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Neuroendocrine prostate cancer treatment responsiveness restoration

Neuroendocrine prostate cancer could be restored to a state that responds to treatment: In the new study researchers at the Ketola Lab discovered a potential new target for drug development in neuroendocrine prostate cancer was discovered. The protein, DPYSL5, is expressed especially in this cancer type and could therefore be a suitable target for drug therapy.

The Ketola Lab collaborated with the University of British Columbia in Canada, utilising the university’s extensive collection of neuroendocrine prostate cancer patient tumor samples to verify the expression of the DPYSL5 protein in these samples.

Normally, the DPYSL5 protein regulates the development of neurons in the brain and is not expressed in other parts of the body. However, the researchers now found that antiandrogen treatment caused the DPYSL5 protein to be expressed in prostate cancer cells. As a result, these cells acquired stem cell-like and neuron-like properties observed in neuroendocrine prostate cancer cells.

DPYSL5 promoted cell transformation by activating the PRC2 complex, which caused cancer cells to go into a stem cell-like state. DPYSL5 also caused cancer cells to form extensions similar to those found in neurons, which helped them to invade the surrounding tissue.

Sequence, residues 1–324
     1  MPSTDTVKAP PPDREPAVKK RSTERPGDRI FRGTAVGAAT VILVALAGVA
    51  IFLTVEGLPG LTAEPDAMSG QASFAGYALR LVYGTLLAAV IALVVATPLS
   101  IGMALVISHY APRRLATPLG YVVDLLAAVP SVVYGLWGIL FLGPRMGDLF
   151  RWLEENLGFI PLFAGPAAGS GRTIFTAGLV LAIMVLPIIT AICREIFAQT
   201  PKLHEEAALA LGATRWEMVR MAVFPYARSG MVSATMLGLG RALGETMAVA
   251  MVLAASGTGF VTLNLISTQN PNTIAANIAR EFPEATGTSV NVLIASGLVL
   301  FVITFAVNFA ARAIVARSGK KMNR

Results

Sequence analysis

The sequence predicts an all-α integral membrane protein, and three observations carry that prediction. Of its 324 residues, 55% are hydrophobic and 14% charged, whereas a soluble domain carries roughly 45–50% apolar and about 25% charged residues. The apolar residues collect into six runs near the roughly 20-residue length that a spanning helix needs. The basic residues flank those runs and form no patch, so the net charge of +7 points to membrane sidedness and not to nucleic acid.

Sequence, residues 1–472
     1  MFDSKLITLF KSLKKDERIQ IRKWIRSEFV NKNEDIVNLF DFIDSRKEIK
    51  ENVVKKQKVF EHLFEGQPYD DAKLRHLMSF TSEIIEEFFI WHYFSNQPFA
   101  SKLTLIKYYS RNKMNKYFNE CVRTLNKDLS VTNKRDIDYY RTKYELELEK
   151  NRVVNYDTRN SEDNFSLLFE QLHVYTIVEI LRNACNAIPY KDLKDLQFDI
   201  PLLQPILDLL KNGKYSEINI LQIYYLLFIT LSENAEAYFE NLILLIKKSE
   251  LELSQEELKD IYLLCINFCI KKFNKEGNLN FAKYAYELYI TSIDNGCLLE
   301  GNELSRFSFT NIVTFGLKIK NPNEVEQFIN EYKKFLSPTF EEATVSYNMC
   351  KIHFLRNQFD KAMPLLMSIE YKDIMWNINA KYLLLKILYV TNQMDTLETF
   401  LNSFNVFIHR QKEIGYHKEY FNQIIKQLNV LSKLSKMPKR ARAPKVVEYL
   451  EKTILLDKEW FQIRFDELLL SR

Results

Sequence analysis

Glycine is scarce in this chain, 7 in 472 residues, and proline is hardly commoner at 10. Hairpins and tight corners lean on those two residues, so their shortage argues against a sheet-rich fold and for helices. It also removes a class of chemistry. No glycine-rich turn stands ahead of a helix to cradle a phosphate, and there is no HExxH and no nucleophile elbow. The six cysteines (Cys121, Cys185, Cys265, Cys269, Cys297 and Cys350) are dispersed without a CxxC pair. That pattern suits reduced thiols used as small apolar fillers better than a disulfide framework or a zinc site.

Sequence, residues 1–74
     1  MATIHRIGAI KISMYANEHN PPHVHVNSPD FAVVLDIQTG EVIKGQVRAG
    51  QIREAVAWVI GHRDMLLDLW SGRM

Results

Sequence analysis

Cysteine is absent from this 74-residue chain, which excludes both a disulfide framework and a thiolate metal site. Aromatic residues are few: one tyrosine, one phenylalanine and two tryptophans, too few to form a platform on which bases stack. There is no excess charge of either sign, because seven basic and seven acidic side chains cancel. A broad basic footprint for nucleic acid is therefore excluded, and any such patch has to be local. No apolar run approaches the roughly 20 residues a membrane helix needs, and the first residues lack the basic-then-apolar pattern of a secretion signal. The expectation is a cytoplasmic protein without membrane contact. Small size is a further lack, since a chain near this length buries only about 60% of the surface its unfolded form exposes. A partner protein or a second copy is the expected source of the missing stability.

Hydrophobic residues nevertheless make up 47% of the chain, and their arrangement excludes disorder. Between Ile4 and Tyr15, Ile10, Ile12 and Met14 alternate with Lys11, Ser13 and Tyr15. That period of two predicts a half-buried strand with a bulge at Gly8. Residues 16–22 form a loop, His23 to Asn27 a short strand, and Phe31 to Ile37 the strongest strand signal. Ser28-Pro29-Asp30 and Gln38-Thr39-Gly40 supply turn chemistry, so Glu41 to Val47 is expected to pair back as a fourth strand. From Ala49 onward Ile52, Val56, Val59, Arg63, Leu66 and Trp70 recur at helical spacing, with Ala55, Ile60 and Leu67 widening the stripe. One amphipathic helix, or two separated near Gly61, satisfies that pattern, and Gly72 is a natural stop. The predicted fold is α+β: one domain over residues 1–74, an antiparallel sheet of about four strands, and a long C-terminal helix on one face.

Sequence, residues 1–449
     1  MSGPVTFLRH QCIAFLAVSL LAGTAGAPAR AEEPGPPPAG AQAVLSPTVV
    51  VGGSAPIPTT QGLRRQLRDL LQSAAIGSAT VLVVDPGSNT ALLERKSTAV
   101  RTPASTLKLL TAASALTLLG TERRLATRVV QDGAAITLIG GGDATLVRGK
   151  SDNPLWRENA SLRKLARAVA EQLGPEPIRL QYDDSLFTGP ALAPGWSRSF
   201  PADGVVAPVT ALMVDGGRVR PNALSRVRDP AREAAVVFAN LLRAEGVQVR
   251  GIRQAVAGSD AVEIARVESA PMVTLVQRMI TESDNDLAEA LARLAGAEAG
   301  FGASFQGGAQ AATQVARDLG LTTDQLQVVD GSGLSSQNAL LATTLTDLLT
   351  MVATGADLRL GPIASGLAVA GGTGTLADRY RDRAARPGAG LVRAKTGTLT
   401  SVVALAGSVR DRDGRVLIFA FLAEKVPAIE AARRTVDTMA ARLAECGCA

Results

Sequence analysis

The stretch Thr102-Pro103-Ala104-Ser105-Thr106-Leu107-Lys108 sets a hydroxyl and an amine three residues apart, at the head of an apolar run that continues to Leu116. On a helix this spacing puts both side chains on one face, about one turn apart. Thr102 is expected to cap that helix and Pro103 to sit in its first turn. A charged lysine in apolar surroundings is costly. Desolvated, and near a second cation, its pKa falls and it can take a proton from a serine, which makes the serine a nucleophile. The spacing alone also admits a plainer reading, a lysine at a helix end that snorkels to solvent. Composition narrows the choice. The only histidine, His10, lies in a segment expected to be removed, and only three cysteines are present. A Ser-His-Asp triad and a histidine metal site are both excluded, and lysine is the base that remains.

However, depletion of DPYSL5 inactivated the PRC2 complex, prevented the formation of neuron-like extensions, and restored cells to a state where antiandrogen treatment was once again effective preventing cell division.

The findings can be used for the development of new cancer drugs.

“Next, we will be using novel imaging methods available at our Cell and Tissue Imaging Unit to screen drugs that inhibit the function of DPYSL5,” Academy Research Fellow Ketola says.

Published in Nature Communications Biology, the study was funded by the Research Council of Finland, the Sigrid Jusélius Foundation, the Finnish Cultural Foundation, the Finnish Cultural Foundation North Savo Regional Fund, and the Cancer Foundation of Finland.

Research article:
Kaarijärvi, R., Kaljunen, H., Nappi, L. et al. DPYSL5 is highly expressed in treatment-induced neuroendocrine prostate cancer and promotes lineage plasticity via EZH2/PRC2. Commun Biol 7, 108 (2024). https://doi.org/10.1038/s42003-023-05741-x

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